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ARI@PHI: D-backs fall on walk-off walk in the ninth

PHILADELPHIA -- With the bases loaded and just one out in the ninth inning, the D-backs needed an out to extend their game with the Phillies on Friday night at Citizens Bank Park.   

The objective, according to catcher Tuffy Gosewisch, was to keep the ball down and get a ground ball or a strikeout. Goosewisch called for a slider from reliever Eury De La Rosa. The pitch had good movement, but just not the type of movement the D-backs needed

"The last pitch just started in," Gosewisch said. "It started right at Chase [Utley]. It just didn't come back enough. It barely missed on the inside corner, I thought. It just broke around the plate."

Utley walked with the bases loaded in the ninth inning to force in the game-winning run as the D-backs fell, 4-3. Heath Bell took the loss in the first game of a three-game series at Citizens Bank Park

The D-backs wasted a strong outing by starter Wade Miley, who held the Phillies off for the better part of six innings before a pair of runs in the final inning of his night proved to be costly for the visitors.

"That game's on me, I let it get away in the sixth inning," said Miley, who allowed three runs on five hits and left with the score tied at 3. "It should have been 3-1. We should have won the game 3-1. I missed on the next few pitches with the game on the line and it cost us."

Still, Miley left the game long before it was decided. Pinch-hitter Cody Asche led off the ninth with a single through the right side off of Bell. Jimmy Rollins, who pinch-hit in the seventh for Phillies starter Cole Hamels, worked a 1-1 count before a perfectly executed hit-and-run single moved Asche to third.

Bell intentionally walked Michael Young, and Kevin Frandsen struck out to keep the bases loaded with one out. De La Rosa entered the game to set the stage for Utley's walk-off walk and a tough one-run loss.

The D-backs trailed 1-0 in the fourth when Hamels hit Adam Eaton with a pitch. Hamels then got Paul Goldschmidt to hit a high popup into left field, high being the operative word becauseDomonic Brown lost track of the ball after it went above the lights from his vantage point. Brown indicated he did not see the ball, and neither third baseman Young nor shortstop John McDonald had a shot at the ball, which landed 10 yards from the foul line. Goldschmidt was credited with a double and Hamels seemed to lose his concentration for the rest of the inning as the D-backs continued to attack.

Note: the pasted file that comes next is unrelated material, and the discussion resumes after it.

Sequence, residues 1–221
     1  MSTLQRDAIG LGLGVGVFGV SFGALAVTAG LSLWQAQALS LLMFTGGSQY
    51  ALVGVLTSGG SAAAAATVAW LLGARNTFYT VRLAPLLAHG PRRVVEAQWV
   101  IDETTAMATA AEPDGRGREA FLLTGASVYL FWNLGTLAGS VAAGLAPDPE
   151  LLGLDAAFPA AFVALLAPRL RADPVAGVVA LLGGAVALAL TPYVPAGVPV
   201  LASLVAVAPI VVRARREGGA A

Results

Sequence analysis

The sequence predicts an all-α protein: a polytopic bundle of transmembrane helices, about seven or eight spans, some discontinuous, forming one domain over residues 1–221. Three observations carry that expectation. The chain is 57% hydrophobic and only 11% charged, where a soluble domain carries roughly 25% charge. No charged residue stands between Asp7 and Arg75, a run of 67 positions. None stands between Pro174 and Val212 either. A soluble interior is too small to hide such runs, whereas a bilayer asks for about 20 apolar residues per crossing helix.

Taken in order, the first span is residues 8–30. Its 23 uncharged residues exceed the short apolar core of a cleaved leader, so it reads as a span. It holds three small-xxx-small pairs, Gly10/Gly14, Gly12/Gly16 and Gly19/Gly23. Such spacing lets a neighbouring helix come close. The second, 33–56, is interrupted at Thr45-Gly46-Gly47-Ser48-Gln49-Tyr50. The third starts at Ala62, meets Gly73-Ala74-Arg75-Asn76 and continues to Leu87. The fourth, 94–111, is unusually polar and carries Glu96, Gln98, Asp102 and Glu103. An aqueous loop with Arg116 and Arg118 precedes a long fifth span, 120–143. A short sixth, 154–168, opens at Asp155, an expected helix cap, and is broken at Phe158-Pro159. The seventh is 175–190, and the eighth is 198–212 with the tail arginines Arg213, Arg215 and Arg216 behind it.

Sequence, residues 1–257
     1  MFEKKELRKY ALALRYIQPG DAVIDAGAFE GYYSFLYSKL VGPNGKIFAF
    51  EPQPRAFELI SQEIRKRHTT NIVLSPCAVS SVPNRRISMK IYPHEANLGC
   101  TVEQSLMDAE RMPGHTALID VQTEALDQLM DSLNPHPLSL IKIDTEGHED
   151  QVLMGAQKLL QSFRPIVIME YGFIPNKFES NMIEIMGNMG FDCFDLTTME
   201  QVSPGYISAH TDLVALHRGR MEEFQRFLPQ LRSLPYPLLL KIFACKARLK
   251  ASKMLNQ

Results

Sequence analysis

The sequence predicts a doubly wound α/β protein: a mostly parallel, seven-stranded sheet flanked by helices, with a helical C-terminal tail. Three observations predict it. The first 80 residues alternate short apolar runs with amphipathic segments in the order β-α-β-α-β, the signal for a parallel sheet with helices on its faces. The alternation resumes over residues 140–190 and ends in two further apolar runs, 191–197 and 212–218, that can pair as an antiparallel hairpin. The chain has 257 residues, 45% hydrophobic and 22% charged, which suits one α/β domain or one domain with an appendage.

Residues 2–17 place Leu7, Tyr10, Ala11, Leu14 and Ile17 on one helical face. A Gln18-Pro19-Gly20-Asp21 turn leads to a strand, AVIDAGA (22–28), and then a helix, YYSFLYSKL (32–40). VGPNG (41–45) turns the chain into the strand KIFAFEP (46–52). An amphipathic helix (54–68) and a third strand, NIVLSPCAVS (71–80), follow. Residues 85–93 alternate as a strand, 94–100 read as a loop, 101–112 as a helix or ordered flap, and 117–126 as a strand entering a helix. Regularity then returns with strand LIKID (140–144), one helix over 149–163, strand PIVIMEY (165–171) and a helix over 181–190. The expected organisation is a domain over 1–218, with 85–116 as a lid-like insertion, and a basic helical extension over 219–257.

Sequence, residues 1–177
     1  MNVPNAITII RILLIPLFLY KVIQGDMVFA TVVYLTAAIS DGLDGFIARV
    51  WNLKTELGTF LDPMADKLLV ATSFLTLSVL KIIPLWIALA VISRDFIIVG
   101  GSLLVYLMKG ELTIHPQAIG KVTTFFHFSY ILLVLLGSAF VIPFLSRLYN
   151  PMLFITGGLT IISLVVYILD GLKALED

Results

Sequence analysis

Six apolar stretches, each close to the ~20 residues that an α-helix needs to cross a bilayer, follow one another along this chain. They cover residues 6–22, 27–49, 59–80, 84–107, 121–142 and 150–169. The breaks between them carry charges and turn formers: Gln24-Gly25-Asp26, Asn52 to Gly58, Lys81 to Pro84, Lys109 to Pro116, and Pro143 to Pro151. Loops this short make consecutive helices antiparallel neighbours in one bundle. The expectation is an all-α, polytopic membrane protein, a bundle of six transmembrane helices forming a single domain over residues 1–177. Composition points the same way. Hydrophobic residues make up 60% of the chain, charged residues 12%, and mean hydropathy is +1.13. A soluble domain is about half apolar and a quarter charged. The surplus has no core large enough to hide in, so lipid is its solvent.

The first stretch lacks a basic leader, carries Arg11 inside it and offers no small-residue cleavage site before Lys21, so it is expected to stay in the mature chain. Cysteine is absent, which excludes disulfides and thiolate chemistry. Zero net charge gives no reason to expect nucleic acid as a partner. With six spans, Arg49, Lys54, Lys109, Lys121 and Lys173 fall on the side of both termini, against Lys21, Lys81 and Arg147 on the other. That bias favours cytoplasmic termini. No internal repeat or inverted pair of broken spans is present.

Martin Prado followed with a double into the left-center gap past Brown to score both Eaton and Goldschmidt for a 2-1 lead. Aaron Hill grounded out to first to move Prado to third, and Prado strolled home on a single into left by Matt Davidson for the final run of the inning.

"[Hamels] is always good," D-backs manager Kirk Gibson said. "Commands all of his pitches. We got a break when they lost the ball in the twilight. But you have to tack on, and we weren't able to do so.

"We didn't get it done here today. I'm not worried about the past. We have to find a way to win. Not that we played poorly, we just didn't play well enough to win."

Miley, meanwhile, dominated the Phillies through five innings with the exception of Darin Ruf's 10th home run, a shot to center that gave the Phillies a 1-0 lead in the second. Of the first 15 outs, 12 were ground balls, and the only other hit, a single by Hamels, was a ground ball up the middle.

In the sixth, the Phillies finally got to Miley as he gave a single up the middle to Frandsen with one out. Utley reached when he was hit by a pitch, and Brown hit a flare into left for a single to load the bases.

Carlos Ruiz turned on an elevated pitch and doubled into the left-field corner to score both Frandsen and Utley as Phillies third-base coach Juan Samuel held up Brown at third. Miley recovered to strike out Ruf, and after intentionally walking John Mayberry Jr., got McDonald to strike out looking to end the threat.

"With Ruiz, I probably shouldn't have thrown him that changeup," Miley said. "I felt good about it then, but looking back, the at-bat before he hit it really hard. It's on me. I may have thrown him one too many changeups today. I just left it up. He did what he's supposed to do."

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